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    Well I'm not happy with the framerate because with Nvidia 56.64's I was getting over 90 and now I'm at 70. But I can't install 56.64 for 98 because for some reason after my OS reinstall...they cause D3D to fail on initialization.

    This algorithm folks is simply brute force. As of yet I've not touched the algorithm at all. Every vertex is pre-computed as well as the normals and then its all thrown to the card. Quite amazing really.

    I guess D3D actually works better with meshes all at once in DX9 rather than several smaller ones. This mesh has also not yet been optimized. I'm hoping for much higher framerates or my special effects and foliage will bring it to a crawl.

    I created the height map in a paint program and smoothed it a bunch of times. That's it really. I'm going to average the terrain here soon but nothing has been done as of yet.

    Thanks for your encouraging comments. Sometimes when you develop you look at it and are like....yuk.....which causes you to do more.

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    Crazy Fool Perspective's Avatar
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    looking very good. are you just straight height mapping or are you using any type of interpolation? (ie. height map used as sparse data and terrain mesh generated by interpolating data points.)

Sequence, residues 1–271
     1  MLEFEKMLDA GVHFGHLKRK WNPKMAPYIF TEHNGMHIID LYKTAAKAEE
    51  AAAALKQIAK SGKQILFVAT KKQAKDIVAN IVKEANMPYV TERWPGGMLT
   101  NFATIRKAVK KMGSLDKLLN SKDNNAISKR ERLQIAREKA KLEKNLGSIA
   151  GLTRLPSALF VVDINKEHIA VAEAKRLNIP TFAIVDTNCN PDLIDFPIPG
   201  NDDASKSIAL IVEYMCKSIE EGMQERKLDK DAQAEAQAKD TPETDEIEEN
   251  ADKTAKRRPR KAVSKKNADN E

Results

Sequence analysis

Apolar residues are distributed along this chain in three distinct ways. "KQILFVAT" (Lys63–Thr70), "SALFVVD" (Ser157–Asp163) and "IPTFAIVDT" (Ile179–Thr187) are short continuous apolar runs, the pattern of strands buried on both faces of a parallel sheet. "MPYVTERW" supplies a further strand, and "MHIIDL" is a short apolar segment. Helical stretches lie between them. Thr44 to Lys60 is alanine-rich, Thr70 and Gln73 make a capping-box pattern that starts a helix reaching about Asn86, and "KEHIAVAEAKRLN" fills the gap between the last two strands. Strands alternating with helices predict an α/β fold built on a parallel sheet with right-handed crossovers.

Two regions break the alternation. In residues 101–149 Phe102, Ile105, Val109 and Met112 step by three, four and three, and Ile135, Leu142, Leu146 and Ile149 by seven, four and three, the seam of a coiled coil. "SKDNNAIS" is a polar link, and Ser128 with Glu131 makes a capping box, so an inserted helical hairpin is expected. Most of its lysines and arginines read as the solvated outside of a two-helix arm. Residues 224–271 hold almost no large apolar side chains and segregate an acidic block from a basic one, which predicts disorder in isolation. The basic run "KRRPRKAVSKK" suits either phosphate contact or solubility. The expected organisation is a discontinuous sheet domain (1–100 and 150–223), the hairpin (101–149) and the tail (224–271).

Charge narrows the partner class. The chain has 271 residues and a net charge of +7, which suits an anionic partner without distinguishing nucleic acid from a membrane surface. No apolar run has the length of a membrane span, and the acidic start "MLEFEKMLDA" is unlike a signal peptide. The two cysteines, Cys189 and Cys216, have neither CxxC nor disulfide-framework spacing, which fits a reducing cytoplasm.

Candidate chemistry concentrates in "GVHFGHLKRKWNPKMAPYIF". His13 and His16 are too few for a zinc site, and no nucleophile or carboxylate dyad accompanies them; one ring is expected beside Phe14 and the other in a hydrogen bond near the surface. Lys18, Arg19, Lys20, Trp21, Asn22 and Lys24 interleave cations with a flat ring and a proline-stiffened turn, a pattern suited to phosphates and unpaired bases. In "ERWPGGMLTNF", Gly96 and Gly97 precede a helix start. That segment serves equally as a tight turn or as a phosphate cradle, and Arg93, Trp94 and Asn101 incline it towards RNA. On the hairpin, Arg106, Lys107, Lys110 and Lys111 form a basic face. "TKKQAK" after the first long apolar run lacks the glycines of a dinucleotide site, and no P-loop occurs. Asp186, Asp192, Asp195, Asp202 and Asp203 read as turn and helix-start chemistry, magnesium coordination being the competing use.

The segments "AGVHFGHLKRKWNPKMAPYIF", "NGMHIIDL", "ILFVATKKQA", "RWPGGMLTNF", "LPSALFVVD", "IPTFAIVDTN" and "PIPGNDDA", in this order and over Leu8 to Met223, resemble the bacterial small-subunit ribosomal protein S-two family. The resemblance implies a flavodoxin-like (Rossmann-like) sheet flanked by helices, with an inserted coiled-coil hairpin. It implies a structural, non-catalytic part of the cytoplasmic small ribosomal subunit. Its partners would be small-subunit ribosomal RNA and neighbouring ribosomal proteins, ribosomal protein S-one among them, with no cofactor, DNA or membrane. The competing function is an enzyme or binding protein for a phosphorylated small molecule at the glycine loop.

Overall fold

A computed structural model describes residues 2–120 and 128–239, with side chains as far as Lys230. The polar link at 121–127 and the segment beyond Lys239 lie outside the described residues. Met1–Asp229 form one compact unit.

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    Super Moderator VirtualAce's Avatar
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    Just straight heightmapping right now. Probably will do some bilinear filtering soon.

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    Software Developer jverkoey's Avatar
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    Do you do your heightmapping from an image file? if so, how high of quality is the image? Because in most of my terrain renderers, whenever i do heightmapping with a bmp or something, it tends to look very blocky unless i make the polygons close together, which causes a ton of polygons to have to be rendered....

    I've heard of doing things like removing polygons on flat stretches of ground or removing polygons that rest on the same planes as others next to them and connecting them or whatever....

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    Super Moderator VirtualAce's Avatar